# Winter School on Physics of Small Quantum Systems: Thermal and Topological Phenomena

### 12-16 January 2015

Was organized jointly between the Department of Physics, University of Jyväskylä, and O.V. Lounasmaa Laboratory/Department of Applied Physics, Aalto University. The school took place in the hotel Gustevelund, next to the Tuusula lake, in a region with a rich cultural heritage.

### Topics

- Quantum thermodynamics
- Optomechanics
- Topological superconductors
- Thermal effects in ultracold atom systems
- Fast (radio frequency) measurements

The winter school will focus on the physics of small quantum systems, where thermal and quantum fluctuations affect the dynamics in a significant manner, or where the topological properties of the bulk materials show up as robust and non-trivial surface characteristics. The school will aim to make the connection between the recent theoretical and experimental advances in these fields, bridging many different experimental settings together, ranging from electrical circuits to vibrating wires and to ultracold atom systems.

Exercises - solutions (Brouwer) (Grenier) (Sagawa) (Xuereb) (Sillanpää)

### Slides

Piet Brouwer: Topological superconductors

Charles Grenier 1st lecture, 2nd lecture, 3rd lecture

Takahiro Sagawa: 1st lecture, 2nd lecture, 3rd lecture

André Xuereb: 1st lecture, 2nd lecture, 3rd lecture

Mika Sillanpää: 1st lecture, 2nd lecture

### Lecturers (click on the titles to see the abstracts)

- Piet Brouwer, Freie Universität Berlin:
*Topological superconductors*

Superconductors may be in a nontrivial topological state, in which there are Majorana states at the sample edges or bound to vortices. The simplest topologically nontrivial superconductor is the one-dimensional spinless p-wave superconductor, which has a zero energy Majorana

bound state at each end. Although no known materials are spinless p-wave superconductors, such a system can be realized in principle in spin-orbit coupled nanowires with proximity-induced pairing from a nearby s-wave superconductor. In the three lectures, I plan to discuss the following topics:

* Quick review of BCS mean-field theory of superconductivity

* Spinless p-wave superconductors in one dimension

* Resonant Andreev reflection off Majorana states

* 4 pi Josephson effect

* Symmetry classes D and BDI

* Proposed experimental realizations

* Multichannel wires

* Braiding of Majorana bound states

* Disorder effects - Charles Grenier, ETH Zürich (replaces Corinna Kollath, University of Bonn):
*Thermal effects in ultracold atom systems*- Introduction to ultracold atom gases
- Shaping potentials
- Thermometry, temperature, and entropy
- Thermoelectric effects and their experimental realizations

- Takahiro Sagawa, University of Tokyo:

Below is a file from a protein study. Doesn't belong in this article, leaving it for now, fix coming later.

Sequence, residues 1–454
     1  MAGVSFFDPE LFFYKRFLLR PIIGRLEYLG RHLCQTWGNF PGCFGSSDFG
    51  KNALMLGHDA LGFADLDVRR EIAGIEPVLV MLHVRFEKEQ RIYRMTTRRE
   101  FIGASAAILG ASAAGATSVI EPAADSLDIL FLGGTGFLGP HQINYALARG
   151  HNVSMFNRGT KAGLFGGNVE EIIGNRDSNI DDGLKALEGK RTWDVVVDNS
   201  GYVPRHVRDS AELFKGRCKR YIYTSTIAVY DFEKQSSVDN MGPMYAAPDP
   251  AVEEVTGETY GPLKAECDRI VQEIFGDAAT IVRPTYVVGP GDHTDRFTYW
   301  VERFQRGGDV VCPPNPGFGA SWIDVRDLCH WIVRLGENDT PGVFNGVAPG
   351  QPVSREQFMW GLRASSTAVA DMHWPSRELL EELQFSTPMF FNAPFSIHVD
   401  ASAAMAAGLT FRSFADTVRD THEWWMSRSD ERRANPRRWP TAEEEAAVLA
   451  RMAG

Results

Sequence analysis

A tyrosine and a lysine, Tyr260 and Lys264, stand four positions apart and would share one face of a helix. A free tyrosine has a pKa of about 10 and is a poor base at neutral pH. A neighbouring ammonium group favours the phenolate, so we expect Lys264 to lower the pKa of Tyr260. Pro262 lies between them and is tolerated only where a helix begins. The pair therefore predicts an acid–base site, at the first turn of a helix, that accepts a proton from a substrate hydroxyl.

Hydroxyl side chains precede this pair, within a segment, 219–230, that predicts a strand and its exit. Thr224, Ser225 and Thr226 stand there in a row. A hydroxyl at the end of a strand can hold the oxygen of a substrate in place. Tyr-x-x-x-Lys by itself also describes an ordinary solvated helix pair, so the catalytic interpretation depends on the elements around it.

*Quantum thermodynamics*

- Second law of thermodynamics

- Fluctuation theorems, classical and quantum

- Role of information in thermodynamics

- Paradox of Maxwell daemons

- Experimental realizations - Mika Sillanpää, Aalto University:
*Fast measurements*- Distributed impedance model, transmission line
- Input impedance of transmission line
- Transmission line resonators
- Microwave techniques in practice: network analyzer, spectrum analyzer, cables, connectors, attenuators, circulators, cryogenics.

- André Xuereb, University of Malta:
*Optomechanics*

Optomechanical systems, which deal with the interaction between moving objects and an electromagnetic field, have been attracting much attention over the past couple of decades. Apart from their more practical applications (such as in sensing displacement), they have been proposed as testing grounds for quantum thermodynamics, and for observing departures from quantum mechanics at the mesoscale.

In this set of lectures, I will take you through a tour of the current status of the field, with a focus on its theoretical underpinnings. I will first briefly introduce the theoretical apparatus involved in describing the dynamics of optomechanical systems. I will then discuss the physical implications of the optomechanical interaction, and demonstrate how one can use it to cool the motional degree of freedom, entangle it with the light field, etc. Finally, I will introduce the concept of multi-mode optomechanics and explain the new directions that it makes possible.

Contents (very tentative):- Describing the dynamics of an optomechanical system

- Basic ideas: Radiation pressure

- Links to cold atoms

- Introduction to the Hamiltonian

- Opening the system: Cavity losses and dissipation - Physical implications of the interaction between light and motion

- The various parameter regimes of optomechanics

- Weak coupling: Optomechanical cooling and entanglement

- Strong coupling: Non-Gaussian states and the optomechanical blockade

- Quadratic coupling: QND measurements - Exercises
- The road ahead

- Multimode optomechanics: A run-through

- Quantum thermodynamics with optomechanics

- Testing quantum mechanics with optomechanics

- Describing the dynamics of an optomechanical system

Organizers

- Tero Heikkilä, University of Jyväskylä
- Francesco Massel, University of Jyväskylä
- Teemu Ojanen, Aalto University
- Jukka Pekola, Aalto University
- Mika Sillanpää, Aalto University
- Tapio Ala-Nissilä, Aalto University

For further information of the school, contact qutschool2015 at jyu.fi.

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